[0008]FIG. 1 is an exploded perspective view of a security system according to the first embodiment of the present invention.

[0009]FIG. 2 is an exploded perspective view of the security system of FIG. 1 viewed from a reverse angle.

[0010]FIG. 3 is a perspective view of the security system according to the first embodiment of the present invention attached to a bicycle.

[0011]FIG. 4 is an exploded perspective view of a security system according to a second embodiment of the present invention.

[0012]FIG. 5 is an exploded perspective view of the security system of FIG. 4 viewed from a reverse angle.

[0013]FIG. 6 is a perspective view of the security system according to the second embodiment of the present invention attached to a motorcycle.

[0014]FIG. 7 is an exploded perspective view of a monitoring system according to a third embodiment of the present invention.

[0015]FIG. 8 is an exploded perspective view of the monitoring system of FIG. 7 viewed from a reverse angle.

[0016]FIG. 9 is a perspective view of the monitoring system according to the third embodiment of the present invention attached to a door.

DETAILED DESCRIPTION

[0017]FIG. 1 is an exploded perspective view and FIG. 2 is a reverse exploded perspective view of security system 10 according to the first embodiment of the present invention. Security system 10 includes alarm circuit 12, upper housing 14, and lower housing 16. Alarm circuit 12 includes light-emitting diode (LED) 18, piezoelectric alarm 20, motion sensor 22, switch 24, battery electrode 26, and microcontroller 30. LED 18, piezoelectric alarm 20, motion sensor 22, switch 24, and battery electrode 26 are connected to microcontroller 30. During use, a battery (not shown) is connected to battery electrode 26. Upper housing 14 includes piezoelectric alarm aperture 32 and switch aperture 34. Lower housing 16 includes LED aperture 36, battery opening 38, battery compartment cover 40, and brace 42. Brace 42 includes securing holes 44.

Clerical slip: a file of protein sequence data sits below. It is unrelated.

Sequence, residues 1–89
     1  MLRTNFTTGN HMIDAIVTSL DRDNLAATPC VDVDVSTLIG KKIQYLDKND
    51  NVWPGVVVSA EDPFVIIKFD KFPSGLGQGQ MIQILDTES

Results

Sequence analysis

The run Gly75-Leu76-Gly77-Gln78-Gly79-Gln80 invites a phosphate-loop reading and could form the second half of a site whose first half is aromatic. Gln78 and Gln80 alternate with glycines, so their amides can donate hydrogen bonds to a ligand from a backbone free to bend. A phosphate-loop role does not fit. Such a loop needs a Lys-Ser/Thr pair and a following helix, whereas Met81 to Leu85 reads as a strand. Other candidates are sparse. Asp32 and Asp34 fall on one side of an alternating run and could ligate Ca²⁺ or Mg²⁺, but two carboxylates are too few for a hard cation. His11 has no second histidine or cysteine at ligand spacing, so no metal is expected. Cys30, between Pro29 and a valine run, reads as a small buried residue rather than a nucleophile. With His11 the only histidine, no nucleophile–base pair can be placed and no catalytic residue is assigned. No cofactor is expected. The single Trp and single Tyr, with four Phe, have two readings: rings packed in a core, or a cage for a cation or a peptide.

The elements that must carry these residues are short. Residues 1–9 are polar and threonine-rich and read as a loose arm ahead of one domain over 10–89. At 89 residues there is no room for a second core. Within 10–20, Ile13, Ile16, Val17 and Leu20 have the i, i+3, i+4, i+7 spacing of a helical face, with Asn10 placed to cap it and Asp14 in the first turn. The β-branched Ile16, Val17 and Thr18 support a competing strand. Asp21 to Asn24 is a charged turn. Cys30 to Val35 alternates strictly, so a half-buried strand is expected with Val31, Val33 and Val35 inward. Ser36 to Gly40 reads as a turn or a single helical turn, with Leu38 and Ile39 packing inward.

[0018] When assembled, alarm circuit 12 is contained securely within upper housing 14 and lower housing 16. LED 18 is viewable through LED aperture 36, piezoelectric alarm 20 is audible through piezoelectric alarm aperture 32, switch 24 is accessible through switch aperture 34, and battery electrode 26 is accessible through battery opening 38 when alarm circuit 12 is contained within upper housing 14 and lower housing 16. Furthermore, battery 28 is insertable through battery opening 38 such that battery compartment cover 40 secures the battery between upper housing 14 and lower housing 16.